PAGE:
Ancient Greek edit

 
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Alternative forms edit

Etymology edit

Of Anatolian origin. Compare Hittite 𒋫𒊒𒄿𒊭 (Ta-ru-(ú-)i-ša, Troy), which must be read /Trūisa/, and also Mycenaean Greek 𐀵𐀫𐀊 (to-ro-ja, Trojan woman).

Pronunciation edit

 

Proper noun edit

Τροίᾱ (Troíāf (genitive Τροίας); first declension

  1. Troy

Inflection edit

Synonyms edit

Derived terms edit

Related terms edit

Descendants edit

  • Greek: Τροία (Troía)
  • Latin: Trōia
  • Turkish: Troya, Truva

References edit

  • Τροία”, in Liddell & Scott (1940) A Greek–English Lexicon, Oxford: Clarendon Press
  • Τροία”, in Liddell & Scott (1889) An Intermediate Greek–English Lexicon, New York: Harper & Brothers
  • Τροία in Bailly, Anatole (1935) Le Grand Bailly: Dictionnaire grec-français, Paris: Hachette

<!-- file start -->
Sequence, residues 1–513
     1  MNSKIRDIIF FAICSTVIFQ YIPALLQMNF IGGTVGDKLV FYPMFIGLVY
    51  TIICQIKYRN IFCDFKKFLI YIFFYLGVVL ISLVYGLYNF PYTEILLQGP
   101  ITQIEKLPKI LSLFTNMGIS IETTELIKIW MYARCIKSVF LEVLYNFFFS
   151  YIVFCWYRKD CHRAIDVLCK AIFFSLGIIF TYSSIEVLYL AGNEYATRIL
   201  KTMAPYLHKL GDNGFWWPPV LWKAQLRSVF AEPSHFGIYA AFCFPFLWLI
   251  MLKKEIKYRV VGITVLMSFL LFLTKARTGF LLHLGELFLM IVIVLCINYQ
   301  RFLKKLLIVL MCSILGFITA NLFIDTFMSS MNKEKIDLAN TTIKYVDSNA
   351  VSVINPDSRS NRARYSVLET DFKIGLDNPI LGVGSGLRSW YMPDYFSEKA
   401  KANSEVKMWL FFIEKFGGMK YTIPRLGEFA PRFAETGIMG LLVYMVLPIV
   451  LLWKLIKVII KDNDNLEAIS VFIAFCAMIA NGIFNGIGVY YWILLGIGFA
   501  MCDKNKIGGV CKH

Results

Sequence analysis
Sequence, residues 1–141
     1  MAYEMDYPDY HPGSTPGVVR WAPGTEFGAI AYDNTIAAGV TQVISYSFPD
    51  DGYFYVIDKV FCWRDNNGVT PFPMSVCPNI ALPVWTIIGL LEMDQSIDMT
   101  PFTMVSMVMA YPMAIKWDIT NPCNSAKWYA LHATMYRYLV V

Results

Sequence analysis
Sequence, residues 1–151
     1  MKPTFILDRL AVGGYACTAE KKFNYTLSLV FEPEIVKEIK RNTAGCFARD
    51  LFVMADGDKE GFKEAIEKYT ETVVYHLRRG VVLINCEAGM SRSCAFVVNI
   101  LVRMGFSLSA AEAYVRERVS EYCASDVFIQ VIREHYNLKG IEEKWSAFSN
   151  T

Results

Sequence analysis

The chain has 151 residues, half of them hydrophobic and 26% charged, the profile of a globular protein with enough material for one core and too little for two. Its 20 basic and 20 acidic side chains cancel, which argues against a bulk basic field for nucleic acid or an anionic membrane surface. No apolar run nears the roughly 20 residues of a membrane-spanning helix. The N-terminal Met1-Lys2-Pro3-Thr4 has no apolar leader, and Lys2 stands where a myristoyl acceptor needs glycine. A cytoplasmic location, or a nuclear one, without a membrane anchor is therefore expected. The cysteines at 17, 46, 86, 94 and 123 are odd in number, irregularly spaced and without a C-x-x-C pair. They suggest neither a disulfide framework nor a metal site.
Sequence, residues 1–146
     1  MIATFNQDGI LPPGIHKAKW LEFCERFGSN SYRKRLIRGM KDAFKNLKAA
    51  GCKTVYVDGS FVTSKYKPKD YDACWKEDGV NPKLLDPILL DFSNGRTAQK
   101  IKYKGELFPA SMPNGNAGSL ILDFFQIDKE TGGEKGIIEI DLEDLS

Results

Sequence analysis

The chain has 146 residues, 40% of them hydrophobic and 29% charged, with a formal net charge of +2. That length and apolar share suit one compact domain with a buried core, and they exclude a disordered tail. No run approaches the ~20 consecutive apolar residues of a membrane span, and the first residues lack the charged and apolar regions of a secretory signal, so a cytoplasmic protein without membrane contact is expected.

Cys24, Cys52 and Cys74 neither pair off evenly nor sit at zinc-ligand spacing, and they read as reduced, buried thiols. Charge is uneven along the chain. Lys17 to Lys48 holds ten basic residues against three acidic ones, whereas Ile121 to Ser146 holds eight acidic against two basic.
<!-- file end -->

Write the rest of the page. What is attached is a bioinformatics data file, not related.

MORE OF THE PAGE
• Τροία”, in Slater, William J. (1969) Lexicon to Pindar, Berlin: Walter de Gruyter
  • Woodhouse, S. C. (1910) English–Greek Dictionary: A Vocabulary of the Attic Language[1], London: Routledge & Kegan Paul Limited, page 1,028
  • Beekes, Robert S. P. (2010) Etymological Dictionary of Greek (Leiden Indo-European Etymological Dictionary Series; 10), volume II, with the assistance of Lucien van Beek, Leiden, Boston: Brill, →ISBN, page 1511

Greek edit

Etymology edit

From Ancient Greek Τροία (Troía).

Pronunciation edit

  • IPA(key): [ˈtri.a]
  • (file)
  • Homophone: τρία (tría)
  • Hyphenation: Τροί‧α

Proper noun edit

Τροία (Troíaf

  1. Troy

Declension edit

Further reading edit